Gladiators are the other option warriors can choose. They can also tank a little, but their defensive abilities are not as strong as the Templars. Gladiators are meant to emulate the ideal fighter. They have access to every physical damage weapon in the game, though their biggest strength is the polearm. They are a real DPS class, but can be brought for off tanking at the higher levels of play. While leveling, as long as they equip a shield and know what they are doing, Gladiators work just fine for main tanking as well. They maintain a couple self healing abilities, but not as many or as powerful as the Templar.
Offensively, Gladiators shine in both single target and multi target situations. A number of their abilities end up dealing area of effect damage. Unlike Templars who walk around with a lot of stuns to use when they wish, Gladiators tend to focus on snares. A ranged snare, an AoE snare that also deals damage, and many single target snares are all available. The Gladiator is also one of the best classes at debuffing a target to increase the physical damage they take, lowering both the defensive and evasion rates of their targets.
They share the same sprint ability that Templars have, but not the snare removals, so they are easier to lock down with crowd control. Fighting a Gladiator head on in melee combat will be daunting though due to the way knockdowns work in Aion. Dealing enough damage with a single weapon can knock a target to the ground, essentially the same thing as a stun except completely random, and Gladiators are the class that deals the most two handed weapon damage in the game. Gladiators and Templars alike are important to siege battles, as they gain abilities which let them deal massive amounts of structural damage which other classes do not have access to.
Assassins are the stealthy creatures in Aion, and while they may not like it, stealth has a timer on it. When stealth is activated, you have 30 seconds to move around at a reduced rate, with a cool down on the ability of 1 minute. Stealth can be used to take other players and creatures by surprise, but it is not what the class revolves around. There are not any abilities in the game that actually require stealth either. At least half the classes can activate stealth detection abilities, so a stealth attack requires a lot more than just moving around in stealth mode. The Assassin class is designed around quick single target burst damage, small stuns used both defensively and offensively, and a little bit of hard crowd control.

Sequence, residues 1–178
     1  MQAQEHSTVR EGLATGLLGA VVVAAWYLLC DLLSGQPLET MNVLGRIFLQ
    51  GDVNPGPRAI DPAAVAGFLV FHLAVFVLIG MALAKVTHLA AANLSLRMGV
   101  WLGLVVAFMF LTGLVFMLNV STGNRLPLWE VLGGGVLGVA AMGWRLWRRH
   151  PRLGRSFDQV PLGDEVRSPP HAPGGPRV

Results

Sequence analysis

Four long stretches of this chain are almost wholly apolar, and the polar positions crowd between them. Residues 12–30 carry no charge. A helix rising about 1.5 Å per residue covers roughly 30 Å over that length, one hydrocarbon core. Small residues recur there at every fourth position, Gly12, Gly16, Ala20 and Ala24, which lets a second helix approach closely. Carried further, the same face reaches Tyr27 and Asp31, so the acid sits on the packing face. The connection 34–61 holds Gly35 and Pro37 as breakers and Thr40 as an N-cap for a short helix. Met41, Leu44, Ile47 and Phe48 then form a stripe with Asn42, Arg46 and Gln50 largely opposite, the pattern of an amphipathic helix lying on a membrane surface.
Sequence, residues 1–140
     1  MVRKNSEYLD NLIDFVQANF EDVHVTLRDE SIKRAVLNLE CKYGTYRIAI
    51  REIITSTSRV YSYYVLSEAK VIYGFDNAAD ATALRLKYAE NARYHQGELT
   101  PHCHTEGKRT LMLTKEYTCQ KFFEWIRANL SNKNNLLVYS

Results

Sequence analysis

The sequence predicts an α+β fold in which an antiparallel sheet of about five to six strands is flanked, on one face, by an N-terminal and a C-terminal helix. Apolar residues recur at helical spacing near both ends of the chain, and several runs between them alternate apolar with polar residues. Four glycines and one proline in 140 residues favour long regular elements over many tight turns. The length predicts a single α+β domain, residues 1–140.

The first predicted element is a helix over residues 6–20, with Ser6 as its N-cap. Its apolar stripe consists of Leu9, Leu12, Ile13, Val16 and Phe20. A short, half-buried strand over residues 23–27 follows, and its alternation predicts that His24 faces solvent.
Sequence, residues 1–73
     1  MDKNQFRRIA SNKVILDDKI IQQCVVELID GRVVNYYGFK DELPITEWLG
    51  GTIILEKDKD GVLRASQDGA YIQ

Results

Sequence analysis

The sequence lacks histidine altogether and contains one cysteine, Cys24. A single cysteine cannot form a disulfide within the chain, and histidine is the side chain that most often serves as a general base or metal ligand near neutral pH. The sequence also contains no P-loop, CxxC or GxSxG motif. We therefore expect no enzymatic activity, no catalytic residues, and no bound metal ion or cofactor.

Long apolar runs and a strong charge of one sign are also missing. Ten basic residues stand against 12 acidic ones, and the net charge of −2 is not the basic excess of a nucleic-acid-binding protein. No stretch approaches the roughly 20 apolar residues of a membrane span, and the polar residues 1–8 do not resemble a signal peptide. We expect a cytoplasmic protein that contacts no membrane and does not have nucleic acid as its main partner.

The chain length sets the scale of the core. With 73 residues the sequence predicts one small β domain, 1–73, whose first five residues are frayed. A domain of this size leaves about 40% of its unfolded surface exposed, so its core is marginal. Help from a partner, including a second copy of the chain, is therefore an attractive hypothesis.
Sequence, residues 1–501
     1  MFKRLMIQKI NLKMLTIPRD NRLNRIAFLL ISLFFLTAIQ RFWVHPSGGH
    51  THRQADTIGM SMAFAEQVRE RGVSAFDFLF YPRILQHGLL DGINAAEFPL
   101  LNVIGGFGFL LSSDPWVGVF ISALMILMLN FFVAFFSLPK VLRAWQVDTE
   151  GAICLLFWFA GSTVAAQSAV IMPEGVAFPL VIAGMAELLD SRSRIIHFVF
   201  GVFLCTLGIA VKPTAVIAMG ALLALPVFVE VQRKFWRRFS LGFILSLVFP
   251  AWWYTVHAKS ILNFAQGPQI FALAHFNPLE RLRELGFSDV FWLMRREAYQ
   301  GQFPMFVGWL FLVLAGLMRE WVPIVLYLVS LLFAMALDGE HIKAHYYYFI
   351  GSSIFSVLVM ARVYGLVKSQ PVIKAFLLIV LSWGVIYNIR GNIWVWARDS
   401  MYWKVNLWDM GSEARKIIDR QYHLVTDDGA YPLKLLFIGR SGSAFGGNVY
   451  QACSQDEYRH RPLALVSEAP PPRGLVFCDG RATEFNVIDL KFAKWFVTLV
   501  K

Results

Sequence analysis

Assassins are the best melee class at closing distances with a ranged player. They have two abilities which allow them to instantly teleport towards a target, as well as a toggle mode which lets them move faster than anyone else at the cost of a constant drain to their mana. Some of their abilities are positional, so this increased mobility is important to dealing the most damage possible. Players with a high lag rate may want to stay away from playing this class, since positional abilities will go off whether or not you are at your opponents back, it will just deal almost no damage if you are not behind them. The best way to combat any latency issue will be stuns of course.
They use a rune system, carving magical designs into the bodies of their targets and then making them explode for damage or status effects. They can also add poison to their weapons for a random chance at increased damage. Assassins are really all about the critical damage, their abilities allowing them to hit some of the highest burst damage numbers in the game. Surprisingly, while Assassins have such great mobility, they lack snare breaks and the ability to snare their targets themselves. So while they can move rapidly and stun their targets, they are easily trapped into crowd control.